Ale said that weather reports are sent to relevant government agencies as frequently as possible adding that there was no need for officials of government to go abroad for this purpose.
However, he added that some officials of government who allege the inability of Nigeria to give accurate meteorological data to frequently travel abroad with fat estacodes.
He explained that most times, officials of government engages foreign companies to source meteorological information for Nigeria and these foreign firms get this information from NASRDA and sell to these officials of government.
Ale stated: “Officials of government agencies go abroad to engage foreign companies to source meteorological reports on Nigeria. These foreign firms, in turn, come to NASRDA to source this information and sell to these officials.
Some of these officials do this because of the estacodes they get when they travel abroad. They should stop this idea of running abroad for satellite data information when these data are available in Nigeria.’’
Already, NARSDA has entered into a Joint Venture with Atlantic Factorial to provide a high-resolution image of activities on the waters.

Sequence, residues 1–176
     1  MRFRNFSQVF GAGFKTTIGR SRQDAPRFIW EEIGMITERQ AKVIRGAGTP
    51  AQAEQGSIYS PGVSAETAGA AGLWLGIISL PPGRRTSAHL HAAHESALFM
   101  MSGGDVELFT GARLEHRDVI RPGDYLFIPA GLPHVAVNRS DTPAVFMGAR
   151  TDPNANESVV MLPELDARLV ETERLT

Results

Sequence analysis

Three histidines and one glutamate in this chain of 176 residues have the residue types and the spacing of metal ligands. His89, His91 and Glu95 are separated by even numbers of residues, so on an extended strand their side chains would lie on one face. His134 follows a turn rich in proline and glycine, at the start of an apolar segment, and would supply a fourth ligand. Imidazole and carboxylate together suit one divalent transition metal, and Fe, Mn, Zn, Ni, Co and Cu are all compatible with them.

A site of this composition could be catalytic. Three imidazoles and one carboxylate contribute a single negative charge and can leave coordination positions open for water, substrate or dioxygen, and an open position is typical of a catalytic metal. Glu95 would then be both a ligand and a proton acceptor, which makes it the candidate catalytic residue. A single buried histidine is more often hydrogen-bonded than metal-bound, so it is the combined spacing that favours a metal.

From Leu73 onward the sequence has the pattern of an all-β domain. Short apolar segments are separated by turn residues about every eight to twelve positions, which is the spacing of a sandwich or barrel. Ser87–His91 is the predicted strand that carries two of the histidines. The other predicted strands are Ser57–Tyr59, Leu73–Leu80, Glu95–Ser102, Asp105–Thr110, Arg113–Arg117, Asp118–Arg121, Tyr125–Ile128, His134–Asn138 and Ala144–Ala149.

Confirming the Joint Venture, Managing Director of Atlantic Factorial, Mr. Leke Oyewole, said that massive leakages have been observed in the maritime sector occasioned by inadequate surveillance of the maritime domain, adding that NPA and the Nigerian Maritime Administration and Safety Agency, NIMASA, are not paid revenues due to them because of these trade infractions.
According to Oyewole, most of the International Oil Companies, IOCs, source meteorological data from abroad and deduct the cost of sourcing this information from their operating cost before declaring profit to the Federal government.
He said: “We currently boast of the largest constellation of satellites (240 +), belonging to our partners and over 100 ground stations globally.
“Our capability cuts across sub-meter resolution imagery of any location on the planet (72cm, not surpassed by any other company worldwide), maritime, aviation, meteorology and radiofrequency analytics.
“In recent years, the need to monitor our highways, bushes, remote communities, towns, and cities has come to the fore.
“We can provide for the government, daily surveillance reports detailed by radio frequency communications and high-resolution imagery with short videos of suspected locations within the entire expanse of Nigeria for security action.
“Similarly, we have observed massive leakages in the maritime sector occasioned inadequate surveillance of the maritime domain; Mother ships that import petroleum products to Nigeria with official foreign exchange, either import through neighbouring countries or when they come to Nigeria, NPA / NIMASA are not paid revenues due to them because these ships don’t get to the ports by reason of their size.